Merkel not for turning ahead of summit
RELATIONS between Germany and many of the eurozone's leading members showed signs of intense strain yesterday ahead of the two-day summit which begins today.
German Chancellor Angela Merkel challenged other European leaders to agree to fundamental reforms to enforce the rules of the eurozone, and once again rejected any form of joint liability for eurozone debt.
Her comments came as leaders from Dublin to Madrid called for the chancellor to alter her position. Taoiseach Enda Kenny told the Dail that the country won't default after earlier reiterating his view that Ireland's bank debt burden should be shared at a European level.
Spanish Prime Minister Mariano Rajoy made a plea for help from today's summit and said he will fight so that rescue loans "aren't superior to the rights of other creditors of public debt".
Germany, Finland and the Netherlands want official loans to Spain to be repaid first in the event of default, undermining the interests of existing bondholders. That makes investors reluctant to buy Spanish bonds.
Like Mr Kenny, Mr Rajoy also backs a so-called banking union, which he says includes joint deposit-guarantee funds and would allow Europe's rescue funds to recapitalise banks directly without going via the government. German officials have rejected those proposals.
Speaking three hours after Mr Rajoy's plea, Mrs Merkel told parliament that she feared "that at the summit there will be much too much talk about mutual liability and far too little about improved oversight and structural measures".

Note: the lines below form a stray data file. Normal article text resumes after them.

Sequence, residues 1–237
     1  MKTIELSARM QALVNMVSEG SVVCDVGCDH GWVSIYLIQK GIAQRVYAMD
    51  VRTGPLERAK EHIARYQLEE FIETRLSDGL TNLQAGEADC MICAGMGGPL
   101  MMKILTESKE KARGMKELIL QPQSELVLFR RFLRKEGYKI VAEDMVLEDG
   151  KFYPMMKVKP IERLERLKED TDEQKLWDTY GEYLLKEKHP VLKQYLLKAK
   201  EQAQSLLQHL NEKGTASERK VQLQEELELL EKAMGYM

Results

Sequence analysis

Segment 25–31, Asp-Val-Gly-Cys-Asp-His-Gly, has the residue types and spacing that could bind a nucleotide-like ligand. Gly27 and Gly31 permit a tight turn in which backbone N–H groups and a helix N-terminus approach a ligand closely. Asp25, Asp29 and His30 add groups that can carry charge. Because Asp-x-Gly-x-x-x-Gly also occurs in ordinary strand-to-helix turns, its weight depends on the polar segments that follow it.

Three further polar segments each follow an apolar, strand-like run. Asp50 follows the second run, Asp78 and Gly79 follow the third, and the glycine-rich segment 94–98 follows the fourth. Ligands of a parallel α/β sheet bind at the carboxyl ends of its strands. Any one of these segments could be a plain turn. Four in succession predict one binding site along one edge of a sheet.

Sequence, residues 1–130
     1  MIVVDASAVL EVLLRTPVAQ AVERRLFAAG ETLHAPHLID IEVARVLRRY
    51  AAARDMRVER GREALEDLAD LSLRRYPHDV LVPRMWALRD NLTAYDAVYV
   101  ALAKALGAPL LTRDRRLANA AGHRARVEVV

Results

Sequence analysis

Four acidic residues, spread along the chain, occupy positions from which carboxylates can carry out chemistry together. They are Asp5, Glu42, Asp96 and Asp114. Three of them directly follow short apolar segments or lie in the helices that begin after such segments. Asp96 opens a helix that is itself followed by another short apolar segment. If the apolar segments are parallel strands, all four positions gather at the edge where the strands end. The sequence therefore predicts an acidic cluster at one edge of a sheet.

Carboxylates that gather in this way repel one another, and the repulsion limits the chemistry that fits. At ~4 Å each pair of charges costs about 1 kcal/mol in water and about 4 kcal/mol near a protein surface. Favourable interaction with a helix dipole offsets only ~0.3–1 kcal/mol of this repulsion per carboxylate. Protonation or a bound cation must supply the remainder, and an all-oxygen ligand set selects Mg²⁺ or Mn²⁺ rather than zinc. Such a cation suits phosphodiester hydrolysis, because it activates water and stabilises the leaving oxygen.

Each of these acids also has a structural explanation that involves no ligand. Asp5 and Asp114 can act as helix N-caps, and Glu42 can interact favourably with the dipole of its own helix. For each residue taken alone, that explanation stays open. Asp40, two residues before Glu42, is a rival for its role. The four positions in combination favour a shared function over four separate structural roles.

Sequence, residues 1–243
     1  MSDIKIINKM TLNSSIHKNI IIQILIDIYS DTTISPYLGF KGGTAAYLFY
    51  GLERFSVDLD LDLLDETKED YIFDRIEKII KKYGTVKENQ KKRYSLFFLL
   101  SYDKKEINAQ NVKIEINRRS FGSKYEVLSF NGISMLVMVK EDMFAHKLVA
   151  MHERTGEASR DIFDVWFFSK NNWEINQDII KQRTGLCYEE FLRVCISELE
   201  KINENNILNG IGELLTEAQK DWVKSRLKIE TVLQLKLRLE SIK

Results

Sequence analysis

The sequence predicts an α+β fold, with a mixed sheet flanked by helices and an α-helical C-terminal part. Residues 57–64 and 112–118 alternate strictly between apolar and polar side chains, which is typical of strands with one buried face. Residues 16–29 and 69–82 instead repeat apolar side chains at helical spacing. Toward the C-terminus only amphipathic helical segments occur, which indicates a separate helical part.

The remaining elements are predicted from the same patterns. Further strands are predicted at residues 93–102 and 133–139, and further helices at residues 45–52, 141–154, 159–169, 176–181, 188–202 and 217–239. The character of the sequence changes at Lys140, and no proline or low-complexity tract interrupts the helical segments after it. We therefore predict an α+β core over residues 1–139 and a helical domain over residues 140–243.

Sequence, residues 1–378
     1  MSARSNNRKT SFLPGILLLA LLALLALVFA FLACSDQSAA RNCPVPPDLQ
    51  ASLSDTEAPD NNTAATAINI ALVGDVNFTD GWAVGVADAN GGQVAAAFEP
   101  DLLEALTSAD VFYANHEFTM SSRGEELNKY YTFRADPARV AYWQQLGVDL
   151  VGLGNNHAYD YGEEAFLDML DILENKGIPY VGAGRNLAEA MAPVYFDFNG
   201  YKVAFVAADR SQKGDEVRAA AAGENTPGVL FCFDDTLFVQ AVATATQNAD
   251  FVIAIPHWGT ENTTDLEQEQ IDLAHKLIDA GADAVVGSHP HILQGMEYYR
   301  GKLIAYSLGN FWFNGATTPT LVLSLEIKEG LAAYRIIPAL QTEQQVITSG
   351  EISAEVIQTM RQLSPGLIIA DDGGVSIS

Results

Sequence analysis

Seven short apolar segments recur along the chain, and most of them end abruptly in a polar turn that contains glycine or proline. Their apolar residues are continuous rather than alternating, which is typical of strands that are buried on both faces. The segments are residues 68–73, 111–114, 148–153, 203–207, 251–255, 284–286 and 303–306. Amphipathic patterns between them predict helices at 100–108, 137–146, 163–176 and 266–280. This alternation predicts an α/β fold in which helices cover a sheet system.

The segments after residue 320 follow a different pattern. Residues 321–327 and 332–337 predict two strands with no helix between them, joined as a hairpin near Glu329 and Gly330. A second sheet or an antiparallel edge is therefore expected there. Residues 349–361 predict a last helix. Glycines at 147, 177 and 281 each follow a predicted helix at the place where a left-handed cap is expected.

Rajoy told his parliament that Spain can't go on financing itself at current borrowing rates for long.
"The most important thing today is being able to finance ourselves in the markets, that's the main issue," Rajoy said in parliament in Madrid. "And on that point, Spain, Italy and other countries are going to push for reasonable decisions to be made," using the "available instruments."
EU leaders meeting in Brussels today are due to discuss a plan for closer European integration spearheaded by EU President Herman Van Rompuy that centres on common banking supervision and deposit insurance, along with a "criteria-based and phased" move toward joint debt issuance.
The blueprint also suggests that the EU could impose limits on annual budgets and debt levels of nations using the euro.
While Mrs Merkel said that she welcomed the Van Rompuy proposals and agreed with his four building blocks toward integration, she rebuffed any notion that Germany should shoulder the cost. "I decisively reject the presumption in this report that the principle of collectivisation takes priority," Mrs Merkel added.